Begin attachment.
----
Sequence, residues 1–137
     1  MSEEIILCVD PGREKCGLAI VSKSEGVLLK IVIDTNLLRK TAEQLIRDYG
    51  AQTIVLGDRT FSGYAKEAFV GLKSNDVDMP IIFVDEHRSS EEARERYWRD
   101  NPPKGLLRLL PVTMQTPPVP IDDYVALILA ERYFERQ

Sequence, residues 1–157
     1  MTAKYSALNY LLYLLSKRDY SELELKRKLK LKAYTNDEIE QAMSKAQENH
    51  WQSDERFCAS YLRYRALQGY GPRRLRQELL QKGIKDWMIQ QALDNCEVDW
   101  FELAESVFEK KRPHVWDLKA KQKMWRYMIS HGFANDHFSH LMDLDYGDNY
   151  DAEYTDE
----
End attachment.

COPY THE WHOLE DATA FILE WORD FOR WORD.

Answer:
Sequence, residues 1–137
     1  MSEEIILCVD PGREKCGLAI VSKSEGVLLK IVIDTNLLRK TAEQLIRDYG
    51  AQTIVLGDRT FSGYAKEAFV GLKSNDVDMP IIFVDEHRSS EEARERYWRD
   101  NPPKGLLRLL PVTMQTPPVP IDDYVALILA ERYFERQ

Sequence, residues 1–157
     1  MTAKYSALNY LLYLLSKRDY SELELKRKLK LKAYTNDEIE QAMSKAQENH
    51  WQSDERFCAS YLRYRALQGY GPRRLRQELL QKGIKDWMIQ QALDNCEVDW
   101  FELAESVFEK KRPHVWDLKA KQKMWRYMIS HGFANDHFSH LMDLDYGDNY
   151  DAEYTDE